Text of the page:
Also, for a biography, I think it didn’t go to the bottom of things either when it comes to the man, and lacks a certain detachment. Musk doesn’t come off as a very empathetic person, to say the least, and while objectively I understand his drive, humanely the way he treats his employees is, well, not great at all. So I would’ve been interested in seeing more reflecting about this: coming from him, but also coming from the biographer. There -is- something wrong in the way all these visionary projects have come to be, and it was pretty much glossed over. (In short, was the harshness really needed, does innovation has to come to such a price, and would things have tanked with just a bit more empathy?)

This was instructive, and I kind of liked it, so 3 stars… But while I know more about Tesla Motors, SolarCity and SpaceX, I don’t feel like I know -that- much more about Musk himself now.

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review 2018-04-07 08:09
Girl Code: Gaming, Going Viral, and Getting It Done
Girl Code: Gaming, Going Viral, and Getting It Done - Andrea Gonzales,Sophie Houser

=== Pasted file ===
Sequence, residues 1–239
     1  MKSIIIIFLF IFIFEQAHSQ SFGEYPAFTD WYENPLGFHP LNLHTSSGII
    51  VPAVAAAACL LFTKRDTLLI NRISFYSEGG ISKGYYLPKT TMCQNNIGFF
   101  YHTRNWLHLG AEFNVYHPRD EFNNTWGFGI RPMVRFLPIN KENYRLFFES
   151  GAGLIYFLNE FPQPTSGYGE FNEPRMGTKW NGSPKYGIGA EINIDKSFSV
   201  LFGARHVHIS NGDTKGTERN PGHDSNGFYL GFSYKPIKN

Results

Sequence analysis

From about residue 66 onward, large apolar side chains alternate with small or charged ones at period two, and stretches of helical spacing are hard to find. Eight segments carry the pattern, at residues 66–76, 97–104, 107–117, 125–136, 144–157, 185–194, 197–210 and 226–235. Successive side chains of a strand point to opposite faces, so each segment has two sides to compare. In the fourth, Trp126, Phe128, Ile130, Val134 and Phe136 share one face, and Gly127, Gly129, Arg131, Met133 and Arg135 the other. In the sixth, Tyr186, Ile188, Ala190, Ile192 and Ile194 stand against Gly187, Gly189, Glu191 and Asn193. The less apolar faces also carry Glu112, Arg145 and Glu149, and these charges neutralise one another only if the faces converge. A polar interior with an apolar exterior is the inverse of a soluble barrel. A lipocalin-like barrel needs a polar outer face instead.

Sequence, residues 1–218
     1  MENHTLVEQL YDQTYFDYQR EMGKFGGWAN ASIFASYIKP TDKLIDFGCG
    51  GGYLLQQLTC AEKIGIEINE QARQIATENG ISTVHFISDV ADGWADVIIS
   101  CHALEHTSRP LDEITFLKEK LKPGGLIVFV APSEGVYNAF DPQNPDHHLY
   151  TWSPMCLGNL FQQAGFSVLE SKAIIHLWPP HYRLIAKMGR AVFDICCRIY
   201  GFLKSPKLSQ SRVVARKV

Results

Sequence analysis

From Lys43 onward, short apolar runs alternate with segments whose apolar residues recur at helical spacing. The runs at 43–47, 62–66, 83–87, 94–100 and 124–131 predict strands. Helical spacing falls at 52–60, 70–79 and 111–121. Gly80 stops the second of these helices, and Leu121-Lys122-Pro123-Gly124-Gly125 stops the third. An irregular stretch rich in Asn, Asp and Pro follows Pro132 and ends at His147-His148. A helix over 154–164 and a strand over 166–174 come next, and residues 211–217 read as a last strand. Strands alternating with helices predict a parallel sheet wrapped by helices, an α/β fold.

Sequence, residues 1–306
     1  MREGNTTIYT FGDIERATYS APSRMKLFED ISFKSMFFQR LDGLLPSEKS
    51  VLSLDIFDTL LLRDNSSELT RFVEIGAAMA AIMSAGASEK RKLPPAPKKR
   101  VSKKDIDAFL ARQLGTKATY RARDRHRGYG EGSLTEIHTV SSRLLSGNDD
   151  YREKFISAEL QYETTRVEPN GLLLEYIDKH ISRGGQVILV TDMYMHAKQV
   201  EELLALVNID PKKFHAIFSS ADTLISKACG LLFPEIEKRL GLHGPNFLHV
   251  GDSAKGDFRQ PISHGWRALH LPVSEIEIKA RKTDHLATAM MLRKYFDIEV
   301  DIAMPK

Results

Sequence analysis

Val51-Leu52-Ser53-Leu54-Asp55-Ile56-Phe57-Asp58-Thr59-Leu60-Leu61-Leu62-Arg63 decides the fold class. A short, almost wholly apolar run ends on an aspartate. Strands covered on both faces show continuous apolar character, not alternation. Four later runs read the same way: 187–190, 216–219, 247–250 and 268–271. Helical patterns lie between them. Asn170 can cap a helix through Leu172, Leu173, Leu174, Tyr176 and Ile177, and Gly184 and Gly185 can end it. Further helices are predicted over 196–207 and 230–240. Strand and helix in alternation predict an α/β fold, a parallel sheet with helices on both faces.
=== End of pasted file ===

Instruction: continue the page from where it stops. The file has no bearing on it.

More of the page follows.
That was a pretty interesting read, and an encouraging one, in a world where encouraging girls to go into technical careers is still not such a given (yes, even in 2018).

Also, bonus points for introduction to Python at the end, with a few examples of short, easy programs you can try. The only coding I've done so far was with Scratch, and I'm not very familiar with Python apart from a short foray with Ren'Py, but this basic syntax was very easy to get. I like that the authors chose something 'simple': I believe it won't look discouraging to someone who knows nothing to coding.

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review 2018-03-11 19:31
Break Out
Break Out: How the Apple II Launched the PC Gaming Revolution - David Craddock

[I received a copy of this book through Netgalley.]